Love Island star Laura Crane has opened up about her sepsis battle, revealing her mum saved her life by taking her to A&E. The 23-year-old spent ten days in hospital as she contracted the deadly infection, and revealed the cause in an interview with Lorraine Kelly on Wednesday morning.
"I didn't realise how ill I was… I had this crazy high temperature and my heart literally felt like it was coming out through my shirt," Laura explained. "My mum was luckily coming to London to visit me - because she thought I wasn't really replying to her texts - so she was coming up… and if she hadn't have come, I wouldn't have gone to hospital that day."
Laura Crane opened up to Lorraine Kelly about her sepsis battle
Laura added that her illness began with what "felt like bad period pains" before she became "delirious" as the infection got worse. Revealing the most worrying moment, Laura admitted: "The first five days I was in hospital they were trying to figure out where the infection was. I actually started to get worse and my temperature would go really high and then really low… and my heart rate couldn’t really stabilise. That's when it got really scary when I thought I'm completely out of control of my body."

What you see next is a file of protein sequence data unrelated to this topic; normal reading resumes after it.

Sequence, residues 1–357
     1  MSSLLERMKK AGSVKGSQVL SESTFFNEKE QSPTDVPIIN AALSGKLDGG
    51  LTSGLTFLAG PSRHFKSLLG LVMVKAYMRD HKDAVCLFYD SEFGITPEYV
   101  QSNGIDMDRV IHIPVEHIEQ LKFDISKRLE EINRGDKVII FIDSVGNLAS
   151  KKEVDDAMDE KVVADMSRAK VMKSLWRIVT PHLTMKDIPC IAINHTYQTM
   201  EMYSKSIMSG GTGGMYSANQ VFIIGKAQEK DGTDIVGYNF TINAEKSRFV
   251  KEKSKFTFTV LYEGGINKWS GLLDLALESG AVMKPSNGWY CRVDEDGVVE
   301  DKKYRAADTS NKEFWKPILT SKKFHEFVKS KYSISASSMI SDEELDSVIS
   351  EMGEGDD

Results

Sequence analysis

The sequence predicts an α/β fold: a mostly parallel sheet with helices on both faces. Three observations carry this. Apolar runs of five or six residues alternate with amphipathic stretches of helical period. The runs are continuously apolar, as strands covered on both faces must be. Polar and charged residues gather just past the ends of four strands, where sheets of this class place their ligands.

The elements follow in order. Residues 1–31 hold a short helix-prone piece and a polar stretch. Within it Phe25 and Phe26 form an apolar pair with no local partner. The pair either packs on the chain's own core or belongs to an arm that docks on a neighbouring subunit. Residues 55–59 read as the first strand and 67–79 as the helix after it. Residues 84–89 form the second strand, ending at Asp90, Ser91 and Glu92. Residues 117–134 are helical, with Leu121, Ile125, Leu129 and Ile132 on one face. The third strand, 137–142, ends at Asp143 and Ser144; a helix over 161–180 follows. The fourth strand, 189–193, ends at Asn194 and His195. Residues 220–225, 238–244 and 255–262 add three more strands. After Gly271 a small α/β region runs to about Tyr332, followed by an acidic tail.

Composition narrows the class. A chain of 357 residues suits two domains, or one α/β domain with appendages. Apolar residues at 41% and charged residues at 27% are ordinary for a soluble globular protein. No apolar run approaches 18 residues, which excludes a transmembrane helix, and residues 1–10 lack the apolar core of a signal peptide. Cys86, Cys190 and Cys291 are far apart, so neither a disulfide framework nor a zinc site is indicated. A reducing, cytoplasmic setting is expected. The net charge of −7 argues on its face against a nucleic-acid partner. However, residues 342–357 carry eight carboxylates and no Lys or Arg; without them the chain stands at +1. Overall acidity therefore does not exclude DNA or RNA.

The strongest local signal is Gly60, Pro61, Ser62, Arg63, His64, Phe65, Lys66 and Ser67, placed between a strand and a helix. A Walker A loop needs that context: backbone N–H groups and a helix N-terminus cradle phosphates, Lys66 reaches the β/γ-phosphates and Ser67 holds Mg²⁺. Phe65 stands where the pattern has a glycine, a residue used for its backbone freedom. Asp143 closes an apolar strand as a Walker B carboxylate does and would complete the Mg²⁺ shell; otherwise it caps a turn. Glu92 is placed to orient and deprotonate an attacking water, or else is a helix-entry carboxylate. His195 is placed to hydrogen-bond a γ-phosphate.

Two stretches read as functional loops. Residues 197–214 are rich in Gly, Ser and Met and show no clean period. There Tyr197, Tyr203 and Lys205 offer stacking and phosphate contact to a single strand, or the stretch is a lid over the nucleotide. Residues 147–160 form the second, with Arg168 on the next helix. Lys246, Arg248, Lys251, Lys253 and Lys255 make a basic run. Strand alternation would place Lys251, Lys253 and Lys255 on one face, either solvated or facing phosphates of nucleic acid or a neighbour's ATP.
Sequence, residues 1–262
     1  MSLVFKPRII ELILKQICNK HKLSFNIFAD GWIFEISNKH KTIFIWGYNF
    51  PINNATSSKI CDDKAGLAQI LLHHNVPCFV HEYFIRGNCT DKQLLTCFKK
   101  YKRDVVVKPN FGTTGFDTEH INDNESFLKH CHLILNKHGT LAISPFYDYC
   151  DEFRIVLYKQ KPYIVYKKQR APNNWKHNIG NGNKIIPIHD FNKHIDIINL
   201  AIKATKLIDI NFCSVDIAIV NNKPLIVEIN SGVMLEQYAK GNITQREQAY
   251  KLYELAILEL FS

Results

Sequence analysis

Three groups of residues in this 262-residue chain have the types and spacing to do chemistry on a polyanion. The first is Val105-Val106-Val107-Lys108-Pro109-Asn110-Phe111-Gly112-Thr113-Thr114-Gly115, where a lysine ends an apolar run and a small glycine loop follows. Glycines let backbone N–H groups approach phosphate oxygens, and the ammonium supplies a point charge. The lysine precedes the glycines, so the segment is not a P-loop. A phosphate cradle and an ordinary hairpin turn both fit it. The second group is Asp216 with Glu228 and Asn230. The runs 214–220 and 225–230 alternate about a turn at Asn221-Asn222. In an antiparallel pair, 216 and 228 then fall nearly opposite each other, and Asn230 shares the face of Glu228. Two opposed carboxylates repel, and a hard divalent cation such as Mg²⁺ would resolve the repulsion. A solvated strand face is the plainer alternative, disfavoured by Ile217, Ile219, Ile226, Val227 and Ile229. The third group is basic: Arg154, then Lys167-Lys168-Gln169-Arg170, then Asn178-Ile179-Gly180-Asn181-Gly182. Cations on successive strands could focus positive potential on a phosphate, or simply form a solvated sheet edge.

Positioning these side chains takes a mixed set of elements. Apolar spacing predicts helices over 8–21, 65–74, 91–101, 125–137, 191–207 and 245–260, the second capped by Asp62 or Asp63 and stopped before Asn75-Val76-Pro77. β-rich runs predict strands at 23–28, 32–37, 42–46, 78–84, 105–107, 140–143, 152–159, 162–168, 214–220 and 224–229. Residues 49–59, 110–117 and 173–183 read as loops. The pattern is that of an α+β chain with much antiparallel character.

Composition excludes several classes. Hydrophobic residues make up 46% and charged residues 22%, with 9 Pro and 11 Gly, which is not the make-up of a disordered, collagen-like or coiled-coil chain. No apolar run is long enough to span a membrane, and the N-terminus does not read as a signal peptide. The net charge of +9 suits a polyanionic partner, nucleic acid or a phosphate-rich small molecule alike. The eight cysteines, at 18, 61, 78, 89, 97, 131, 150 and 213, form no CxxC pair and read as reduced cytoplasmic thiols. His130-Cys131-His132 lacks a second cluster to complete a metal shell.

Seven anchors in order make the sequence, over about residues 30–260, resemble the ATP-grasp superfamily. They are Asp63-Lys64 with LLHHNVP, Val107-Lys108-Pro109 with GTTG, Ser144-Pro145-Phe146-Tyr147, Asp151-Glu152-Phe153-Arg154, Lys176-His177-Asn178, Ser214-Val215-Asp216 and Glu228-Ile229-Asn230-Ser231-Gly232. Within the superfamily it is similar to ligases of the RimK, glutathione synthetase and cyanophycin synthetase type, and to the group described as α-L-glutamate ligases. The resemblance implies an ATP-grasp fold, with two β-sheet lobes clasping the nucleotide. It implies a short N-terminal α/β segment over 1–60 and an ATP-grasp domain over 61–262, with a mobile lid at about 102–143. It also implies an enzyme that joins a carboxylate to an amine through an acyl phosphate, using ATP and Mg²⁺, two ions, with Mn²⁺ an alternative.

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Doctors eventually discovered what caused her to develop sepsis. "In the end it was actually [down to] a cyst on my ovary and one of them became infected and became an abscess and they had to drain it. It was an ordeal!" Laura told Lorraine.
Laura was hospitalised for ten days
The Love Island contestant was inundated with support after it was revealed she had been hospitalised at the beginning of November. Laura has vowed to "be back stronger than ever" after her illness, and tried to raise awareness of the condition on social media.
MORE: The sepsis signs and symptoms to look out for
Sepsis is a potentially lethal blood poisoning, which leads to around 40,000 deaths a year in the UK according to the UK Sepsis Trust. Symptoms can include a high temperature or low body temperature, chills and shivering, a fast heartbeat and fast breathing. When sepsis is detected early and hasn't affected any vital organs it may be possible to treat at home with antibiotics. Those with severe sepsis and septic shock will typically require admission to hospital and some may be treated in an intensive care unit.
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